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What does true inclusion at the workplace look like? And why does it matter in the larger world around us?
Being only a year away from completing two whole decades into the 21st century, the world as we know it has come a long way. India abolished its notorious section 377 in 2018! We saw a #MeToo movement of our own!
At the same time, we began to see more scrutiny of how workplaces treat their employees, and Inclusion became a word more common in our lexicon. As organized employment grows in India and we see the rise of large corporations, naturally, the policies of these corporations influence society and how corporations include all their employees becomes even more important.
The glass ceiling might not be shattered yet, but efforts to promote inclusivity have the capacity to bring us closer and closer to it. Moreover, it isn’t just women, but members of the LGBTQ+ community, and specially-abled people too who need an access to this space that has always been largely masculine and ableist.
These were some of the thoughts that came to me as I had the opportunity to attend I-Inspire, a conference on inclusion organised by BeyonDiversity.
Held this year on April 5th, this event brought together conversations between people who truly believe in the cause of inclusion, and inspirations like Zainab Patel (a transgendered woman and one of the petitioners in the National Legal Services Authority v. Union of India case on transgender rights), Sandeep Bidani (one of India’s first differently abled senior HR Leaders), Jabna Chauhan (youngest Sarpanch of the country) and Lt Cdr Vartika Joshi (captain of ‘Navika Sagar Parikrama’) who spoke about their lives.
The focus of conversations this year was on how to not only include the above groups into the workforce but also look at how many of them were getting access to bigger management roles. The reason behind applying these policies shouldn’t just be as a token gesture for compliance reasons, but be imbibed into the culture of the firm itself.
The panels also focused on being better allies to the LGBTQ+ communities, not just as a corporation with its policies but also at the level of the individual. Zainab Patel, in a panel titled ‘Beyond Bias: Unboxing Diversity,’ put the agenda succinctly when she said, “Go ahead. Recruit. Embrace the community”. In her heartfelt speech, Zainab spoke about her struggles on feeling alienated, still, from her own friends, and in spite of that, she went ahead to recognize her own position of relative privilege that others from her community do not have.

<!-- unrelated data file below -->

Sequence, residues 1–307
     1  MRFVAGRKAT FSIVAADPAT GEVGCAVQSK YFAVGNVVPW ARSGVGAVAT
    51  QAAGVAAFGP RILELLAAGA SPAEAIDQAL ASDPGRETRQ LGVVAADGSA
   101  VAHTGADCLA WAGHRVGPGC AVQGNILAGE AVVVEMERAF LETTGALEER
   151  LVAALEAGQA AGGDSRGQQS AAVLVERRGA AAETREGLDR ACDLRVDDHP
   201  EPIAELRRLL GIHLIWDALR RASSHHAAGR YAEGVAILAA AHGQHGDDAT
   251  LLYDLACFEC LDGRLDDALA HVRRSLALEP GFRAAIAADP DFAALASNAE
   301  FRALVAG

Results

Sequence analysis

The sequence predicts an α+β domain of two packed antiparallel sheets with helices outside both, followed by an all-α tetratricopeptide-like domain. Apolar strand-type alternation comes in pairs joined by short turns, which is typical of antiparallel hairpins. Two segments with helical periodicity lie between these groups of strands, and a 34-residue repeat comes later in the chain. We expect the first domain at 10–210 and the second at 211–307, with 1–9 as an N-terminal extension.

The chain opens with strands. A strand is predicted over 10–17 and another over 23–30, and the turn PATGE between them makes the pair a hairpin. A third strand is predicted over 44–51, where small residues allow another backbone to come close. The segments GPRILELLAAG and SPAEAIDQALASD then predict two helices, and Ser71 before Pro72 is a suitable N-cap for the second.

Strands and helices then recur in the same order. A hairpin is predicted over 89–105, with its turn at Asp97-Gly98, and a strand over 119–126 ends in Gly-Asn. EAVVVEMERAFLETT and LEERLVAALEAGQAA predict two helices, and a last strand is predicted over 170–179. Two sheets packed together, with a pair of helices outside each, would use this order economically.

Along with this, the heartwarming story of Jabna Chauhan, who fought hard through extreme poverty to go to college and went on to become the youngest Sarpanch of India had the audience standing and clapping in awe of this 21 year old woman. She was also awarded for her courage and brilliance in the face of adversity by the organisers.
Carrying forward these ideas, the conference also touched on making the factory level too favourable to somebody who was not an abled cis-male, and on the importance of investing in women to prepare for a wholesome, holistic future that takes everyone along.
With numerous leaders from big firms attending, it was an interesting way to spend the day listening to people talk about things they felt passionate about, the urgency of their cause and the significance of being an ally to make this world a better place for all of us.
Women’s Web is proud to be an outreach partner to I-Inspire, enabling diversity and inclusion in the workforce.
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New Delhi, India
I like to read, write, and talk. A feminist through and through, with a soft spot for chocolate. read more...
Women's Web is an open platform that publishes a diversity of views, individual posts do not necessarily represent the platform's views and opinions at all times.
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Mostly Normal is a book of innocence, longing, filial love, angst and acceptance, encapsulating a gamut of human emotions within its lightweight edifice. The book touches the human heart and will stay with you.
Some books enthral you till the last page, and then there are those that you stop reading after turning a few pages. Some books are a one-time read, while you carry some books with you long after you have read them. Then, once in a while, a book hits you so close to home that you find it difficult to slot into any category.
I will put Priyadeep Kaur’s Mostly Normal (BookSoul Reads, 2022) in this last bracket.
At a little less than hundred pages, Mostly Normal is a testimony of the power of words to inspire, irrespective of their length.
Most women do not get to live their lives the way they want, on their own terms. So why should they be tied down in their old age?
Every morning, while dropping the kids at the bus stop, I find a grandfather waiting with his granddaughter. I see him again when I fetch the kids. This has been the pattern for the last few years.
He is seen actively participating in his granddaughter’s activities, from morning and evening walks to attending her parent-teachers meeting, sending her for extracurricular activities to even planning her birthday party. He is admired by all. He is appreciated for making himself useful in his old age. People rave that the doting grandfather is doing his duty towards his children and grandchildren. The much-admired grandfather is also a widower, having lost his wife years ago to chronic disease. It’s also to be noted that both his son and daughter-in-law are working parents.
Every day, the onlookers appreciate his sense of duty and dedication. They say that this is how the elderly should keep themselves occupied. They should bring up their grandchildren while their children go off to work.
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